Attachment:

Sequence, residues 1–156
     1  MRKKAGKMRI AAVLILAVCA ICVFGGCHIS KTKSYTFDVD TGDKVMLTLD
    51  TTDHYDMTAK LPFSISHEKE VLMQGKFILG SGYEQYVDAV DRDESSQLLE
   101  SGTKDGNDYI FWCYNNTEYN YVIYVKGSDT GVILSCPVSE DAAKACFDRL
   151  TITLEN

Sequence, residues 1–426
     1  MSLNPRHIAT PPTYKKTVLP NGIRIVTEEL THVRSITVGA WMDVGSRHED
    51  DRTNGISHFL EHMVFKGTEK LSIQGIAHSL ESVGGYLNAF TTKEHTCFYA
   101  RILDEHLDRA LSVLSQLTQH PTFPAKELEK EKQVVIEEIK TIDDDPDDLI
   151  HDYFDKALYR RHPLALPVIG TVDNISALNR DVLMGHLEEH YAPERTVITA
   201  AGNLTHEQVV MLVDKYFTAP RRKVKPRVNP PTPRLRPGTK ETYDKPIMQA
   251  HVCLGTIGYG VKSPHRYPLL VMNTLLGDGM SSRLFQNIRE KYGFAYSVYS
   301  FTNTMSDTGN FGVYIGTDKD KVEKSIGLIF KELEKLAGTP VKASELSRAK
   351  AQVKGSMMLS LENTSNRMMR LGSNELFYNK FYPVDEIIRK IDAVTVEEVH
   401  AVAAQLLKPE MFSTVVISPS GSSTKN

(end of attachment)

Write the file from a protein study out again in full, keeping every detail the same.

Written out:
Sequence, residues 1–156
     1  MRKKAGKMRI AAVLILAVCA ICVFGGCHIS KTKSYTFDVD TGDKVMLTLD
    51  TTDHYDMTAK LPFSISHEKE VLMQGKFILG SGYEQYVDAV DRDESSQLLE
   101  SGTKDGNDYI FWCYNNTEYN YVIYVKGSDT GVILSCPVSE DAAKACFDRL
   151  TITLEN

Sequence, residues 1–426
     1  MSLNPRHIAT PPTYKKTVLP NGIRIVTEEL THVRSITVGA WMDVGSRHED
    51  DRTNGISHFL EHMVFKGTEK LSIQGIAHSL ESVGGYLNAF TTKEHTCFYA
   101  RILDEHLDRA LSVLSQLTQH PTFPAKELEK EKQVVIEEIK TIDDDPDDLI
   151  HDYFDKALYR RHPLALPVIG TVDNISALNR DVLMGHLEEH YAPERTVITA
   201  AGNLTHEQVV MLVDKYFTAP RRKVKPRVNP PTPRLRPGTK ETYDKPIMQA
   251  HVCLGTIGYG VKSPHRYPLL VMNTLLGDGM SSRLFQNIRE KYGFAYSVYS
   301  FTNTMSDTGN FGVYIGTDKD KVEKSIGLIF KELEKLAGTP VKASELSRAK
   351  AQVKGSMMLS LENTSNRMMR LGSNELFYNK FYPVDEIIRK IDAVTVEEVH
   401  AVAAQLLKPE MFSTVVISPS GSSTKN